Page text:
Herbert Döring-Spengler – Photo-Sculptor

Review by Gerhard Clausing

Throughout the 20th Century there were some artists that overcame the traditional rules of “straight” photography and dared to take liberties with their interpretation of reality by means of special effects. Those working in the style of pictorialism come to mind, as well as the forerunner of digital manipulation, William Mortensen, who applied screens, razor blades, and other analog tools in creating final prints to achieve his desired artistic outcomes. Others, such as Andy Warhol, producing within a receptive era of pop culture, took Polaroids and found photographs to produce stunning altered views. Döring-Spengler, known as the “photo sculptor,” has gone more boldly beyond all the above in his interpretations. His motto is, “No matter how you see it, I see it differently.”

For several decades Herbert Döring-Spengler has been concerned with getting effects across to the viewer by unabashedly altering Polaroids and other images with a variety of physical processes, including heat, light shining through the prints, painting on top of the prints, and more. He combines parts of visuals in collages and diazetta (multi-layered) images to contextualize his interpretations. This photobook is based on a retrospective of his work, which was recently honored and exhibited at the LVR-LandesMuseum Bonn, Germany.

The images strike us as refreshingly different and full of surprises. For instance, the dance series not only show some of the expected poses, but suggest movement and repetition with variations. The bodies are blurred to a point of vulnerable non-recognition, which heightens the effect; the level of abstraction is so extreme that it makes us spend more time with each image, projecting our own interpretations into what is visible. The “speaking hands” series demonstrates through the depiction of motion that non-verbal communication can be equally expressive. The interpretations of Edvard Munch are vibrant yet subtle in their representation of life through colorful abstractions with hints of movement.

The portraits are very specifically produced, using abstraction and color while maintaining major impact and recognizability. The legendary singer and performer Marlene Dietrich is depicted in a semi-abstract image, diffused with vibrant warm colors, in such a way as to transmit a certain kind of eroticism and mystique, while maintaining a substantial distance to the subject (shown below). Other portraits, such as Picasso and Hockney, are more muted in effect, while others, such as Max Ernst and Francis Bacon, are marked by over-the-top or increased saturation. Each portrait shows the artist’s interpretation of well-known figures, which the viewer can check against their own recollections and concepts.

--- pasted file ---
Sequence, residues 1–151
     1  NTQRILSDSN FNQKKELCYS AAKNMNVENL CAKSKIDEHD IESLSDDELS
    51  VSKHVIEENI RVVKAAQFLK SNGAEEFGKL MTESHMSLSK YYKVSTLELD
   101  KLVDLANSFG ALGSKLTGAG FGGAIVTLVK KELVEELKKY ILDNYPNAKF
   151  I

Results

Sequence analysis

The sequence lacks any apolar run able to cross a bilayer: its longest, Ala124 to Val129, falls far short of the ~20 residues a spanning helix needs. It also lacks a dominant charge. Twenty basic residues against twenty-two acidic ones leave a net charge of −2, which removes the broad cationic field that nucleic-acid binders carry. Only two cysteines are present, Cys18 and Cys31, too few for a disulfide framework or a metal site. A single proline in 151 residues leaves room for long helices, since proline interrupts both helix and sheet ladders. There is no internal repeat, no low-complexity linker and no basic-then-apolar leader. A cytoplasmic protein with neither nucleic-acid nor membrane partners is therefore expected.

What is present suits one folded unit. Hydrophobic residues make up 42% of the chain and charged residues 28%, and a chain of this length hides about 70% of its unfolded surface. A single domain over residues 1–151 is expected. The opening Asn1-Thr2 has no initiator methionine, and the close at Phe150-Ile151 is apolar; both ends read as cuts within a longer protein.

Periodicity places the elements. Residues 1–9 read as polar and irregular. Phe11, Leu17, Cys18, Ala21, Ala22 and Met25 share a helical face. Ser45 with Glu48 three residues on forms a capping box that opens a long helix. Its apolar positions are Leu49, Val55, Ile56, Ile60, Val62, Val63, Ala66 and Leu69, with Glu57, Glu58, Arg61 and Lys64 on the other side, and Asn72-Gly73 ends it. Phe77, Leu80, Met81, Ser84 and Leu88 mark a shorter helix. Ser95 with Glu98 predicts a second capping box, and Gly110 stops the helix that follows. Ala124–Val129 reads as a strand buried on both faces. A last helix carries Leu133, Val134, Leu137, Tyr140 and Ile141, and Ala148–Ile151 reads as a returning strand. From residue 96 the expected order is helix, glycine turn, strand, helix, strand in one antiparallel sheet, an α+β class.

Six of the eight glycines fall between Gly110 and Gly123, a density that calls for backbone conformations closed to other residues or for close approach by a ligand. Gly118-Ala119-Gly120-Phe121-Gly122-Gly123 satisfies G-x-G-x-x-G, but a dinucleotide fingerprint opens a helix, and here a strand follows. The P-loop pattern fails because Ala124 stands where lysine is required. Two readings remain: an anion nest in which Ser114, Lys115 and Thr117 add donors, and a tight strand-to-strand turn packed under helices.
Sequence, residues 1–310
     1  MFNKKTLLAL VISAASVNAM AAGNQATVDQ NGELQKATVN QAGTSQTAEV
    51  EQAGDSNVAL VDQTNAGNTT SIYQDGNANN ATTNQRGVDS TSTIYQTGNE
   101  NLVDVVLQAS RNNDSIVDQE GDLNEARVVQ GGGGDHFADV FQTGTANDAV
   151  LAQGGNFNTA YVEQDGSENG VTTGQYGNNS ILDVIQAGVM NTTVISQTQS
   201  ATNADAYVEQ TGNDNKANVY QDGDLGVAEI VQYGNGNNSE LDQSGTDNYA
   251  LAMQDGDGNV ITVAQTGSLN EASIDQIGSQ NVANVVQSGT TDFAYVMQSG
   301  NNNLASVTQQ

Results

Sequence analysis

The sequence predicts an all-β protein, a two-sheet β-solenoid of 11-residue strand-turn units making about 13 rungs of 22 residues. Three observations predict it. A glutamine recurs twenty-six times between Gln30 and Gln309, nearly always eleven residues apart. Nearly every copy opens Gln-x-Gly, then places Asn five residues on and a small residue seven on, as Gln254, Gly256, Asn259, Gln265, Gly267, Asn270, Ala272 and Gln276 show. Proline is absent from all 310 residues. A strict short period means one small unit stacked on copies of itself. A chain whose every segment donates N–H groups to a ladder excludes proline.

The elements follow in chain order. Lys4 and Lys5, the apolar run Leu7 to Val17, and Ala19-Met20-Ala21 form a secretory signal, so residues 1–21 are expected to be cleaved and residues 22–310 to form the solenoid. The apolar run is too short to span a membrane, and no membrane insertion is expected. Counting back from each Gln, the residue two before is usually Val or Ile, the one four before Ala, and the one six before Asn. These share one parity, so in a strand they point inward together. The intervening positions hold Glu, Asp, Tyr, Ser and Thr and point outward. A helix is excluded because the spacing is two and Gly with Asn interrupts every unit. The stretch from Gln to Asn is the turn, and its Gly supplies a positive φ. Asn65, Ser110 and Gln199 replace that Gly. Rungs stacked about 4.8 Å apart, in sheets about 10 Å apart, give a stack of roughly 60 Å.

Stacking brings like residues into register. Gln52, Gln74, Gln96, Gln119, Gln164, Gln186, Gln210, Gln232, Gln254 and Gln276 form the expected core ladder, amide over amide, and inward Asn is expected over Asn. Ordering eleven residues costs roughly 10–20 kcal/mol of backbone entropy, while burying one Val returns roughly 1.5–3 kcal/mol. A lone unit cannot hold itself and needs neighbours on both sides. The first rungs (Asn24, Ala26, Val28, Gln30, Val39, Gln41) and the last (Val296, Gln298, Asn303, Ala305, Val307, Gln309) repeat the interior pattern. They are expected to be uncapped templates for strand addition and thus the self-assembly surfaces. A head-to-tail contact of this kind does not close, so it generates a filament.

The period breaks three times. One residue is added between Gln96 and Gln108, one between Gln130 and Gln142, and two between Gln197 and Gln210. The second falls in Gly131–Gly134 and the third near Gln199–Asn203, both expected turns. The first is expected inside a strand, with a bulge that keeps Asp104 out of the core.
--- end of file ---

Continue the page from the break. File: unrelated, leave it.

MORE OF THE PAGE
The image of the bouquet of cut flowers reminded me of similar images achieved through long exposures by Michael Wesely. Yet here the flowers nearing their end are given a heroic last showing of all their glorious colors, in multiple layers, even as the process demonstrates a similar rapid decline shown by the blossoms that have already fallen on the table.

The political images are also most interesting. Examples shown below include Döring-Spengler’s approach to over-simplified populism in the United States, the previous German chancellor’s approach to the refugee problem, and the deaths suffered at the hands of the former East German state. In all cases, the combined image portions and the color schemes and compositional acumen make for very strong statements, eliciting responses from the viewers.

As stated in the accompanying essays by Gabriele Uelsberg and Hans-­Michael Koetzle, not all images need to be soothing and reassuring. The processes described are the way in which the visual sculptor Döring-Spengler gets us to react and apply our own responses. The work is well printed on generously large pages, and constitutes a representative sampling of an amazing oeuvre that we can ponder again and again.

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Gerhard Clausing, Associate Editor of the PhotoBook Journal, is an author and photographer from Southern California.

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Herbert Döring-Spengler – Photo-Sculptor

Photographer/Visual Artist:  Herbert Döring-Spengler (born in Cologne; lives in Lohmar, Germany)

Editors:  Herbert Döring-Spengler, Burkhard Arnold, Thorsten Valk (LVR-LandesMuseum Bonn)

Publisher:  Kehrer Verlag, Heidelberg, Germany; © 2021

Essays:  Gabriele Uelsberg,  Hans-­Michael Koetzle

Languages:  German, English

Hardcover, illustrated, sewn binding; 144 pages, paginated, with 138 visuals; 9.6 x 12 inches (24.5 x 30.5 cm); printed and bound in Germany; ISBN 978­-3­-96900­-042­-7

Design:  Kehrer Design (Loreen Lampe)

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Articles and photographs published in the PhotoBook Journal may not be reproduced without the permission of the PhotoBook Journal staff and the photographer(s).

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